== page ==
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The birth of an island?

October 17, 2011

Maybe in a conventional situation many of you are not into geology. In spite of this – and you can correct me if you think I am wrong – we can appreciate the wanders of nature.

Colonization of new territories by different kinds of living organisms has been evident for a long time. From microbes to higher sea-living organisms have been able to adapt to a terrestrial life and, from there, they have evolved to what they are today.

At some point in their lives,  most people have  studied something about geology and the different types of island formation as, for example, the volcanic one. Our planet is completely alive, and during millions of years, different volcanoes which have been hidden under the sea level have erupted, and therefore, they have arisen above the sea and created lots of different islands all around the world. For instance, the formation of the Hawaiian Island Chain began more than five million of years ago, and still today, there are hot spots of magma formation which maintain this location geologically alive. As a matter of  fact, a particular volcano can erupt and be silent during millions of years or just arise for the first time near one of these hot spot regions.

And this is exactly what is happening right now just a few kilometers from the coast of El Hierro, the youngest island of the Canarian Archipelago. Unexpectedly, and leaving apart the social impact of this phenomenon over the human population living there, we are probably going to witness one of the events in nature we would have never thought to be able to attend during our short life: the birth of an island.

The following image shows the shadow of the undersea eruption, just a little distance from El Hierro.

To tell the truth, I am not only excited about new land emerging from the sea, but also about the existing and nearby living organisms which will probably colonize it, letting us and our descendants – we are talking about processes taking place over millions of years – the chance of observing an amazing phenomenon in nature involving, not only colonization, but also evolution of living organisms.

8 Comments leave one →
  1. marisadedios permalink*
    October 17, 2011 5:38 pm

    Thank you Leonor for this interesting post. I had thought of the people living there, but this is a different perspective.

  2. jesarqit permalink
    October 17, 2011 7:34 pm

    It´s nice to read a new point of view about an event that, far from the obvious problems for the inhabitants from el Hierro, could create a new piece of earth where we can step on in the near future.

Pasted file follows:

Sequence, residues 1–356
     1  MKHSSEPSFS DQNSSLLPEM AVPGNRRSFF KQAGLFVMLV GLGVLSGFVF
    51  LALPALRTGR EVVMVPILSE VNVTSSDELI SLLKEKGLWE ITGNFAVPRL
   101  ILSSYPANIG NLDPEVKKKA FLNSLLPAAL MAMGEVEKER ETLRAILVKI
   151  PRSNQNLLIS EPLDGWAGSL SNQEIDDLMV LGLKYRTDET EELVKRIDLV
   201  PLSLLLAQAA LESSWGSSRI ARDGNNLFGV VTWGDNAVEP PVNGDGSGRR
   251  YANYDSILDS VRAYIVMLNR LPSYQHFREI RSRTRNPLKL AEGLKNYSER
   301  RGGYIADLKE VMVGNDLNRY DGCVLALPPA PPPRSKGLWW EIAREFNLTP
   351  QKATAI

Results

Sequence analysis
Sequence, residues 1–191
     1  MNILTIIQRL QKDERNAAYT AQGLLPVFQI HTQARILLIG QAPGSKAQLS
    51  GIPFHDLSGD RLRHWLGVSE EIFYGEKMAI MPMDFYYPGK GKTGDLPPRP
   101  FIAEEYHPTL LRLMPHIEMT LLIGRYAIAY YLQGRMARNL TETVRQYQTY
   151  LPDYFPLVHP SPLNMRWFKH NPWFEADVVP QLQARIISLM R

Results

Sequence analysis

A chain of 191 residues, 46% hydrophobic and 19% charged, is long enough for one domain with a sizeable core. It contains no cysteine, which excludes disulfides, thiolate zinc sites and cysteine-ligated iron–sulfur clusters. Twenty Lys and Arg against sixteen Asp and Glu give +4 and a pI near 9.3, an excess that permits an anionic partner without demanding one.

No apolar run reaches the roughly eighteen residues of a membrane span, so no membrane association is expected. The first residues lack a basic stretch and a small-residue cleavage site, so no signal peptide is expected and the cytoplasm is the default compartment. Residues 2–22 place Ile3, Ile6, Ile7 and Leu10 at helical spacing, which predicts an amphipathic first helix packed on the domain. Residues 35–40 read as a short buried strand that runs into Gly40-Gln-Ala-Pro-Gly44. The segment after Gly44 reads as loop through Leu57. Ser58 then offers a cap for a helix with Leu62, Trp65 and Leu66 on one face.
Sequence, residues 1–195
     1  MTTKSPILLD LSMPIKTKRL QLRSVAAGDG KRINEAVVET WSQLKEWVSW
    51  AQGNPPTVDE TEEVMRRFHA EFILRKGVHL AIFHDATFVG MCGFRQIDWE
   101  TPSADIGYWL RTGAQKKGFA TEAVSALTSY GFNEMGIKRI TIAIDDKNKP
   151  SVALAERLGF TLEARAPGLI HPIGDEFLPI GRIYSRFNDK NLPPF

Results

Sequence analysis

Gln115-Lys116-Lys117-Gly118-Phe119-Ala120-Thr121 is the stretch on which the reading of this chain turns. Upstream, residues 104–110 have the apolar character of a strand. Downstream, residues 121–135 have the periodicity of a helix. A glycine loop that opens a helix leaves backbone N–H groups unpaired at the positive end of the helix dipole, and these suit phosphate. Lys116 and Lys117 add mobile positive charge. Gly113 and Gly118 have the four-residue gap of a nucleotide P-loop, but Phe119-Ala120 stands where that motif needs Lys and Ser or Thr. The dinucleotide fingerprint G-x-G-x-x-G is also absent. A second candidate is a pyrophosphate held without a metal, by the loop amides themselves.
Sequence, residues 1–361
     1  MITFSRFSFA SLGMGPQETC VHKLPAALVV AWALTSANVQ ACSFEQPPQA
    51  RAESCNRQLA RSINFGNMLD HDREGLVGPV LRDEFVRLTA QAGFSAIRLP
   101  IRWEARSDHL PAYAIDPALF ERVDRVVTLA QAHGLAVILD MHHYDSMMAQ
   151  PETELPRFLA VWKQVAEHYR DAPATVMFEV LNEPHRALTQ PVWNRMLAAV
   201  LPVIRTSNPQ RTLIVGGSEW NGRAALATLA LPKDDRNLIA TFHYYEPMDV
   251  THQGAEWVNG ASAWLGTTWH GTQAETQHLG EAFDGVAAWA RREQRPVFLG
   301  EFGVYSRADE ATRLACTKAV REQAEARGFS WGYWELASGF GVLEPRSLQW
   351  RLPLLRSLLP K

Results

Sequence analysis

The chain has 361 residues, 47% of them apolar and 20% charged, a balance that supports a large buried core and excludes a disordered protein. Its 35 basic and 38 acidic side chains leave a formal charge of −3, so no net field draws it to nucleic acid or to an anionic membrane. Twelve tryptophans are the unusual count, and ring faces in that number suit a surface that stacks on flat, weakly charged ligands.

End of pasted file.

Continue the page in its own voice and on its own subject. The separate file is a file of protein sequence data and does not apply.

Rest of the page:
3. sarandoa permalink
    October 17, 2011 7:34 pm

    I don’t know very well what is happening at this moment there, in El Hierro and the new volcano, but I think that, at least, the last earthquakes have stopped.
    For me, earthquakes are the worst meteorological phenomenon in the world. Eventhought I have only suffered one earhquake in my live, I am terrified of them.

  4. October 17, 2011 8:13 pm

    Of course we cannot forget the people living there, I was just giving the perspective of science 😉

  5. rugure permalink
    October 19, 2011 1:41 am

    I love everything about volcanoes and earthquakes. A few years ago I was living in Tenerife and was passionate about the history of all the canary islands. I want to visit El Hierro and La Palma in my next vacation.

  6. October 21, 2011 9:38 am

    I agree with you about the amazing phenomenon of the seismic activity. I could be aware of it in Lanzarote. In this moon-like landscape endemic fauna and flora are truly astonishing (for instance, Famara has the largest number of endemic flora per km2 across Europe and also this island has the only blind albino crabs in the world!). Fortunately, the volcanoes there are in a dormant phase since two centuries ago. I hope it keep it up for a long time because I’ve got relatives living there.

  7. leosanbu permalink
    October 21, 2011 11:46 pm

    Thanks for your answers guys!! I hope this phenomenon doesn’t end up causing any damage in people. In fact, I think the volcano is slowing down the eruption. But it would be great to be able to live the formation of a new island and its colonization process, if that process was immediate, which is not.
    BTW, I’d like to visit the canary islands!!

  8. Cynthia permalink
    October 26, 2011 11:54 pm

    Unfortunately there have been more earthquakes, particularly last Monday 23rd October, 43 low-intensity earthquakes hit the area (yes, only in one day!)
    Besides, the mark is moving to the South through the Atlantic Ocean which can cause serious problems in the flora and fauna of a more large area.
    But not all are bad news. Scientist, for the very first time, have been able to map the birth of a submarine volcano (it base diameter is 700 meters, it has a present height of 100 meter and a crater of 120 meter!) That fact will be relevant to know the hole volcanic activity in the Canary Islands.

    This is the link where you can follow the latest news of El Hierro–>

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